Published here September 2013.

Introduction | Demming, Juran and Crosby | Academic Perspectives
Industry Perspectives | LinkedIn Discussion Group Views
What Have We Learned? | Conclusion

Demming, Juran and Crosby

Demming, Juran and Crosby are probably most recognized as the pioneers in the subject of quality management. But from the very beginning, quality has always meant different things to different people.

William Edwards Deming (1900 - 1993) was one of the first to think about quality in modern times, especially quality in management. Demming was an American statistician, professor, author, lecturer and consultant. From 1950 onwards, he taught top managements in Japan how to improve product and service quality through various approaches to design and testing, including the application of statistical methods.[2] His focus was on "the efficient production of the quality that the market expects"[3] and is perhaps best known for his "Plan-Do-Check-Act" cycle.

Joseph M. Juran (1904 - 2008) also wrote extensively on the subject of quality, and was invited to Japan in 1954, where his particular ideas flourished. He is principally remembered as an evangelist for quality and quality management.[4] His focus was on "Fitness for purpose" as defined by the customer.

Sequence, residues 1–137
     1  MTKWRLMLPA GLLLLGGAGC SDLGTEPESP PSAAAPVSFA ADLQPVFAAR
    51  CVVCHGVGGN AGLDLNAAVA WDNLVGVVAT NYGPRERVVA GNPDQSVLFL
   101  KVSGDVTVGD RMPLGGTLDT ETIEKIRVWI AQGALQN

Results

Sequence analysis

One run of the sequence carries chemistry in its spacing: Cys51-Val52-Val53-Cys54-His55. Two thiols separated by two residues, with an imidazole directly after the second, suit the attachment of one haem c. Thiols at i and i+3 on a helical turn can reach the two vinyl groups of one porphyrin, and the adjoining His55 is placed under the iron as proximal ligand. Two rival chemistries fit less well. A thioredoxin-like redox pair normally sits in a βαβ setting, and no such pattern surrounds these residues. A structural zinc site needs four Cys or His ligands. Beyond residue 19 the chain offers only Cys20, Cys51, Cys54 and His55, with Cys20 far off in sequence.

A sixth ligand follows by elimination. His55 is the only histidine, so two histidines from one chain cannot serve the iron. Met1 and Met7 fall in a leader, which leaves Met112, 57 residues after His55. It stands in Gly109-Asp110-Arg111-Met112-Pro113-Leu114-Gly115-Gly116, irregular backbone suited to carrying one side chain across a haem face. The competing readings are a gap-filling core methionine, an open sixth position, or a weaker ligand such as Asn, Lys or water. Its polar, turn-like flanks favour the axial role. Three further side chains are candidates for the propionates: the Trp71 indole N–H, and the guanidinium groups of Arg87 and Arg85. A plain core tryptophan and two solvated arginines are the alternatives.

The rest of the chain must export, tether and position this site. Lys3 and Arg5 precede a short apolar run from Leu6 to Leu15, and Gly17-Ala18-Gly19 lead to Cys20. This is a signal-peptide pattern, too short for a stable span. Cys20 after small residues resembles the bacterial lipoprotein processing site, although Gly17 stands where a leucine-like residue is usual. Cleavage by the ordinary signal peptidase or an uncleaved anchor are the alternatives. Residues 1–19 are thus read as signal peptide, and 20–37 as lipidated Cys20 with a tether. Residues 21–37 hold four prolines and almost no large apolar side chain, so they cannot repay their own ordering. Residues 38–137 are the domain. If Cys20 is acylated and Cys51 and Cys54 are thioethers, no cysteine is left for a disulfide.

Philip B. Crosby (1926 - 2001) started out in quality as a test technician. Subsequently, as a businessman and author, he contributed to management theory and quality management practices by focusing on "Zero defects" through "doing it right the first time". In fact he believed that an organization that established a quality program would see savings returns that would more than pay off the cost of the quality program and hence promoted the idea that "quality is free".[5]

There have been many others in the field, of course, perhaps most notably Peter Drucker (1909 - 2005) who proclaimed that: "Quality in a product or service is not what the supplier puts in. It is what the customer gets out and is willing to pay for."[6] Drucker was, of course, speaking about operations management, as this sentiment clearly does not apply to project management.

In fact, what all of these fine gentlemen were talking about is run-the-business, or business-as-usual, management. And the establishment of a culture of individual quality ownership, pride in workmanship and satisfaction with the end product was, one way or another, their collective aim. As a result, "quality management" has become well established at the corporate level.

Only around the 1970s have efforts been made to transfer these ideas to the project management environment.

Introduction  Introduction

2. Wikipedia, accessed 7/28/13.
3. Wikipedia, accessed 7/28/13
4. Wikipedia, accessed 7/28/13
5. Wikipedia, accessed 7/28/13
6. Wikipedia, accessed 7/28/13
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